By Jared Huizenga – Contributing Writer
Seventeen years, nine movies, and a pivotal role in helping take comic book movies from genre fare to mainstream blockbusters.
It’s safe to say that Hugh Jackman has more than served his time as a superhero, and if “Logan” is in fact his last time in the role of Wolverine, he saved his best for last.
The year is 2029 and mutants, at least as we’ve come to know them in the “X-Men” world, have either been killed or forced into hiding. Among them is Wolverine/Logan, who is now working as a luxury car driver. His regenerative powers aren’t what they used to be and because of that age is finally catching up to him.
Every day after work he crosses the border into Mexico, where he’s greeted at “home” by fellow mutant-in-hiding, Caliban (Stephen Merchant). The unlikely duo spends most of their time caring for their friend and mentor, Charles Xavier (Patrick Stewart) – who spends his time heavily sedated to avoid another catastrophic episode (like the unseen one that landed mutants on the endangered species list).
Wolverine’s anonymity comes to an end when a nurse by the name of Gabriela (Elizabeth Rodriguez) approaches him to drive her and a young girl (who has very familiar abilities), Laura (Dafne Keen), to safety in Canada.
It, however, becomes quickly apparent that there’s more to Laura than meets the eye after Logan is approached by a corporate henchman, Pierce (Boyd Holbrook), tasked with bringing her and her fellow extraordinary children back to where they come from. After Gabriela winds up dead, Logan and Xavier end up on a cross country road trip to get Laura – and themselves – to safety.
First things first. Yes, “Logan” achieved that ever-elusive R-rating that fanboys have been clamoring for since forever. But if you think having the ability to include more violence and profanities is what makes this movie stand head and shoulders above the other Wolverine movies (and most of the X-Men flicks, too), you are sadly mistaken.
The reason “Logan” is so good is because it’s got an actual story and it conveys actual emotion – it’s deep, it’s dark, it’s depressing, it’s got moments of happiness and humor, and – amazingly – it actually makes you feel something. Aside from some humor and the occasional adrenaline rush, most comic book movies can’t say that.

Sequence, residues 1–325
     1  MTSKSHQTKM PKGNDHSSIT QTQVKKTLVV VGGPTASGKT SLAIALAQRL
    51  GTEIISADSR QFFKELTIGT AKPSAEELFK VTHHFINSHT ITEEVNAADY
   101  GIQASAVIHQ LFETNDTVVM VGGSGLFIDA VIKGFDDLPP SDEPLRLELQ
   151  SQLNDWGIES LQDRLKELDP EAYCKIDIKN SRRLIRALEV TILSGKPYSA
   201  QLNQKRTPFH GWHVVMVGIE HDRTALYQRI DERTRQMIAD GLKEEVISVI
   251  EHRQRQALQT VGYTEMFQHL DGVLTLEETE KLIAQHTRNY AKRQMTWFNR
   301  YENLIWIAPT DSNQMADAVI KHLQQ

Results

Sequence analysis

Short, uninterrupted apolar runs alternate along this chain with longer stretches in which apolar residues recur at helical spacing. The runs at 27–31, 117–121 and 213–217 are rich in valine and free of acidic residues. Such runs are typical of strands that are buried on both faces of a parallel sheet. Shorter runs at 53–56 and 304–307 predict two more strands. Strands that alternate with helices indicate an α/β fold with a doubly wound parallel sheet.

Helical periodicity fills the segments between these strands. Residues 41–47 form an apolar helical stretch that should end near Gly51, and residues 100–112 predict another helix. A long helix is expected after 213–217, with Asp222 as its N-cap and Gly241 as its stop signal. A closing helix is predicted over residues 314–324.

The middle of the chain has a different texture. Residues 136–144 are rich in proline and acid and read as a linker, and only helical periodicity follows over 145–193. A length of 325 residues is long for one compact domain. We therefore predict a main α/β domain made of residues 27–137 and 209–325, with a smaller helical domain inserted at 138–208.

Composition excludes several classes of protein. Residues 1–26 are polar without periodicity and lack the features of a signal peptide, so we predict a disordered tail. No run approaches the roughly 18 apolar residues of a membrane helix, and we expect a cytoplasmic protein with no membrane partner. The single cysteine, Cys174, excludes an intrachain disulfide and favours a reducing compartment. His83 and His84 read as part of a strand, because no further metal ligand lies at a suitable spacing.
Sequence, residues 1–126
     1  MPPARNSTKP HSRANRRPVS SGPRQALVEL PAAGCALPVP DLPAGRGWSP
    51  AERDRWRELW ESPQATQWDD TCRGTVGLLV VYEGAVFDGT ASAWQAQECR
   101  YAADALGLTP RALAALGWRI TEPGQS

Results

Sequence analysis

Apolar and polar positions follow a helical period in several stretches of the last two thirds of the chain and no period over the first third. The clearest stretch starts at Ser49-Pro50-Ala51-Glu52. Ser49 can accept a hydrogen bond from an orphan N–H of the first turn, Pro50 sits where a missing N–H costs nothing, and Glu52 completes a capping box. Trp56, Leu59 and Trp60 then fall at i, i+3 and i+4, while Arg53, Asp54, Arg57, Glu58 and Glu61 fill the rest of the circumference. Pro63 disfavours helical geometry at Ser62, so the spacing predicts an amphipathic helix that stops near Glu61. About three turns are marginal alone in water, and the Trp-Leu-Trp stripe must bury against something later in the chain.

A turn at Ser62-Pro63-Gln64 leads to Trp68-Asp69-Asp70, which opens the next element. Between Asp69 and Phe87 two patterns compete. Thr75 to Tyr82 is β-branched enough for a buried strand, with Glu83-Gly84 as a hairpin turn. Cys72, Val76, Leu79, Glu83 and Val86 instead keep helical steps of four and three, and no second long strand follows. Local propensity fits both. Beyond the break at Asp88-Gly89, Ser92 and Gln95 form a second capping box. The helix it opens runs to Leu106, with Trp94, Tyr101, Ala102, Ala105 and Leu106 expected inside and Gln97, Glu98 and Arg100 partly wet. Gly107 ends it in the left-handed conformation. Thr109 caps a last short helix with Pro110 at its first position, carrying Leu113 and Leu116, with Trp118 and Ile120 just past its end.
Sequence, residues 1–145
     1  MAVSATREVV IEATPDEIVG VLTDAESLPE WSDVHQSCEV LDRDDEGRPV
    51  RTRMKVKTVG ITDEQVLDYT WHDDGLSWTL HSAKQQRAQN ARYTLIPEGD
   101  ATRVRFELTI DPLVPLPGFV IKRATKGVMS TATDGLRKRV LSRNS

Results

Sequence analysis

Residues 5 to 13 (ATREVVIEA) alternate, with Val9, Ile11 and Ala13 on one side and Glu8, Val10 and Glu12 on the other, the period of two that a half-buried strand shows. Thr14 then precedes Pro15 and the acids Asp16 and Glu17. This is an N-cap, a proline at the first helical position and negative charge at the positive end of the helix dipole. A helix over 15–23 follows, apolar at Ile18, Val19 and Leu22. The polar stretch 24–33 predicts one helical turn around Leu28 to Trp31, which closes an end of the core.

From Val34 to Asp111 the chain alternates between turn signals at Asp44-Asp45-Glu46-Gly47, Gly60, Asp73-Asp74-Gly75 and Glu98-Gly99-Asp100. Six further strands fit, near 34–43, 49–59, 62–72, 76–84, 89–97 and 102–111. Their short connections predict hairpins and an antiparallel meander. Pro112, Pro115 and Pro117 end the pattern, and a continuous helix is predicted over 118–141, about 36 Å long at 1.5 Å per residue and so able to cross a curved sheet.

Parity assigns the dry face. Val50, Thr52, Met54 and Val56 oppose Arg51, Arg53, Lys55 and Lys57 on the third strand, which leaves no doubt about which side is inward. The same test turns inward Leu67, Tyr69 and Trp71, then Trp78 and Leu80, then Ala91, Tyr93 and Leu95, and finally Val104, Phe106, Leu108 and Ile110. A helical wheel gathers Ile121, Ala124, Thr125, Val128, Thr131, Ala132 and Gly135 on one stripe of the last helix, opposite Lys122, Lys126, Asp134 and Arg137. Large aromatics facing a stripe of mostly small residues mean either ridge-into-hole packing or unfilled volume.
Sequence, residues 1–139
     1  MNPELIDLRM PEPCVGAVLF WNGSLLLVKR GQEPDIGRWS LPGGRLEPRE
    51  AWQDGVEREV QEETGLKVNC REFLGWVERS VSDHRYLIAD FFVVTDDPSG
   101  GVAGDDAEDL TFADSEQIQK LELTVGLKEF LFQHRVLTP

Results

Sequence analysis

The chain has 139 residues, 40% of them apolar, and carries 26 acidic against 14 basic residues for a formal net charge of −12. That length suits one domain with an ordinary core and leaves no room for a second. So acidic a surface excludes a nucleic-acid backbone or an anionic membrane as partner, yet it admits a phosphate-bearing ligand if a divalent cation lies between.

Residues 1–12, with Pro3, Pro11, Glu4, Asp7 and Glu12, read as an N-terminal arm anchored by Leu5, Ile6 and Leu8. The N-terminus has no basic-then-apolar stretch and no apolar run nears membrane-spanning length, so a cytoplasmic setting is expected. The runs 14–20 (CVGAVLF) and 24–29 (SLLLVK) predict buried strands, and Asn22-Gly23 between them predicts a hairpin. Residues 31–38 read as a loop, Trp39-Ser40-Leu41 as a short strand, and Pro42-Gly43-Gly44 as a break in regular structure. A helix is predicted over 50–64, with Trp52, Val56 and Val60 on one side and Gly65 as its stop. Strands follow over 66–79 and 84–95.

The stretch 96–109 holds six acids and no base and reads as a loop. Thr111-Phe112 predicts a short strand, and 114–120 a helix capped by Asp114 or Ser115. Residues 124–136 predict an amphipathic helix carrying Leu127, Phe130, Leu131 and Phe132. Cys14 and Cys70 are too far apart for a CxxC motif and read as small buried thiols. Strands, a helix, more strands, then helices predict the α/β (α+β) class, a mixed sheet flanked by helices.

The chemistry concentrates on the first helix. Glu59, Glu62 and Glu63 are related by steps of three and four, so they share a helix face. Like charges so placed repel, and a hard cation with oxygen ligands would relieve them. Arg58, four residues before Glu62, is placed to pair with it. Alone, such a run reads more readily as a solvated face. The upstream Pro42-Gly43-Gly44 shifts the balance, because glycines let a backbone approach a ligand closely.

People will hold last year’s smash hit “Deadpool” up as the example as to why R-rated movies are better than their PG-13 competitors. The difference is that in order to work, Deadpool needs that rating, Wolverine doesn’t. “Logan” succeeds despite its rating, not because of it.
A big amount of credit for that needs to go to Jackman. We’ve seen that he has great performances in him – “The Prestige” – and he was finally able to bring that to Wolverine. For the first time you really get the opportunity to see the man underneath the genetic modification, and he doesn’t disappoint. And as always, his chemistry with Stewart is top-notch.
The other standout here is Keen as the young mutant at the heart of the story. The relative newcomer more than holds her own against some true heavyweights and adds would could be a very interesting wrinkle to the X-Men universe going forward.
Director James Mangold must also be recognized for his outstanding work here. He took a character that had seemingly run his course (17 years and nine films is a good run), and reinvented it into something we haven’t seen from him before. By the time “Logan” runs its course, you’re left wanting more, but are fairly confident you won’t be getting it.
Further to Mangold’s credit is the fact that he doesn’t rely on an insane amount of special effects or non-stop over-the-top action to drive the story. Don’t get me wrong, there’s plenty of action and the over-the-top moments are WAY over-the-top, but they take a backseat to storytelling and character development. It’s a shame this couldn’t have been done with such an interesting character a while ago.
Upon its release in 2000, “X-Men” sparked the renaissance of comic books as viable movie properties, and Jackman’s Wolverine was a big part of that. Just as that film was a game-changer for the genre, “Logan” could also mark a shift in the way these stories are told and viewed by the industry. If this in fact Jackman’s last time out, I can think of no better legacy to leave behind.
★★★★ of ★★★★★
Jared Huizenga is a freelance movie critic. Follow his work at www.facebook.com/JaredMovies.